It is disappointing to see beef, the King of animal proteins, being compared to the increasingly abundant proteins such as farmed fish, chicken and pork. Beef is an aspirational protein with taste, texture, flavour and variety that truly satisfies any consumer who is fortunate enough to be able to buy it. Beef is the Mercedes Benz E63AMG that is purchased because it is extremely desirable to drive and own, not because it is low priced and abundant. The fact that cattle are poor converters of grain is actually to our advantage as it helps keep a lid on beef supply. Less product to meet any givin demand means higher prices. I don’t want beef to be easily produced so it becomes abundant and low priced to feed the world. Chicken, pork, farmed fish and grain itself can play that role. I want beef to be the aspirational protein. The food that drives you to increase you income so you can afford buy it.
Interesting point, and well made, as always, Ian. On a similar theme, it was interesting to note David Williams’s references to ‘protein plays’ in aquaculture. Some fish farmers are ignoring ‘desirable, premium’ options, like Barramundi for example, in favour of Tilapia – a species grown not because it is a premium fish to eat, but purely because its offers the best rate of gain. Protein focus in its purest form! Editor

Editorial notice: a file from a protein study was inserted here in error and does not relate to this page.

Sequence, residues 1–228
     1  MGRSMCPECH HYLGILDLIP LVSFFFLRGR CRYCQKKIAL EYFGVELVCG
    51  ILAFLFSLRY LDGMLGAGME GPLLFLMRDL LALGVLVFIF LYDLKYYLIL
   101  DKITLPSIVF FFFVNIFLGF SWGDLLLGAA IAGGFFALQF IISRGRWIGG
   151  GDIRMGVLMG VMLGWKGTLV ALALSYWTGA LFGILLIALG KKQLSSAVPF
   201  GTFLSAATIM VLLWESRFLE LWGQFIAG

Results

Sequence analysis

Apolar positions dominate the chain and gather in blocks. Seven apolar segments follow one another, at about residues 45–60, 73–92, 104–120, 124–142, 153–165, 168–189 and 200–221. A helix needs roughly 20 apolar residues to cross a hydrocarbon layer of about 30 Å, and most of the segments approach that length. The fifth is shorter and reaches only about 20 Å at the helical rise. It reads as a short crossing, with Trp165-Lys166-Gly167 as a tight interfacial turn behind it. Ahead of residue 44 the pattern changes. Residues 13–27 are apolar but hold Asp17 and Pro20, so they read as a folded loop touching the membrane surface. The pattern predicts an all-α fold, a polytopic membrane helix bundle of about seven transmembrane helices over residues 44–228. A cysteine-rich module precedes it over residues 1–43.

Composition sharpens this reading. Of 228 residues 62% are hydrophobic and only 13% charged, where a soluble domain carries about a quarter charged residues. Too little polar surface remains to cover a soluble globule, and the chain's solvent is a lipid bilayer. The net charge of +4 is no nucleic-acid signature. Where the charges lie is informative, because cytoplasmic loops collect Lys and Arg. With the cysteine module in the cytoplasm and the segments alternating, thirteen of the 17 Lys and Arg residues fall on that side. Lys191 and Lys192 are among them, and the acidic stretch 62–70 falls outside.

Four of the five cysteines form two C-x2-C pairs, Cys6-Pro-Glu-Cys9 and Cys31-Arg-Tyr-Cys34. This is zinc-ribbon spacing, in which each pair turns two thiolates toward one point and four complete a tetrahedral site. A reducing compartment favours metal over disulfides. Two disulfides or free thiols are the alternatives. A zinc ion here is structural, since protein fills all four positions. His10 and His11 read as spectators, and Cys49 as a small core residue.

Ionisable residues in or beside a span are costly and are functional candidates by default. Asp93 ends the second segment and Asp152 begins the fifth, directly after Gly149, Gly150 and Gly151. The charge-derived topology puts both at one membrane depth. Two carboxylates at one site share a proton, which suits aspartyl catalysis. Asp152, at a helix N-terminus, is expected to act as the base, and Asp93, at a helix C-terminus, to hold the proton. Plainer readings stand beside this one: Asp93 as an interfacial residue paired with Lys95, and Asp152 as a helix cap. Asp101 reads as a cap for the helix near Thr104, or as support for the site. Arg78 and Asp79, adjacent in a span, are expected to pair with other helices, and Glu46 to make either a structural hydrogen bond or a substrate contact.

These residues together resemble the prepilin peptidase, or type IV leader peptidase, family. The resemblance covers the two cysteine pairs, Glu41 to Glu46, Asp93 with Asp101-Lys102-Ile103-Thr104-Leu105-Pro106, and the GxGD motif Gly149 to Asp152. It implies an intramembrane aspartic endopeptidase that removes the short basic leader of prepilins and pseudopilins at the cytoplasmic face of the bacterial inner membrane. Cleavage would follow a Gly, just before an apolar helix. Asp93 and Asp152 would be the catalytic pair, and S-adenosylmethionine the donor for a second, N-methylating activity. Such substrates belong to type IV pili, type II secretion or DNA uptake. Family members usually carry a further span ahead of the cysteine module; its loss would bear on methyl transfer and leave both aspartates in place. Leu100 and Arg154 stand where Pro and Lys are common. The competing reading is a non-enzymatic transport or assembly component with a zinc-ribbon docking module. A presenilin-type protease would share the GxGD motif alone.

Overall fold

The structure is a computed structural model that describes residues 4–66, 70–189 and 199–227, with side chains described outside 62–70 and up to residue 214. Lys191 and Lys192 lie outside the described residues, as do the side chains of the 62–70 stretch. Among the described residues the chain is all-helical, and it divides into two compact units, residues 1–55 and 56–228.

With the emergence of the Asian economies and increased standards of living throughout most of the word, beef has moved from a “source of protein” to a “luxury product” for consumers throughout the world. This re-positioning has been driven by no more than cost of production. Both production and consumption are governed by macro-factors such as climate, competition for land use and foreign political influence, none of which Australian producers can control. Micro-factors such as management and marketing strategy and some variable inputs can be controlled by producers and processors within the chain of production. However it is the mixed costs within the control of government which have catapulted beef out of reach for the average consumer.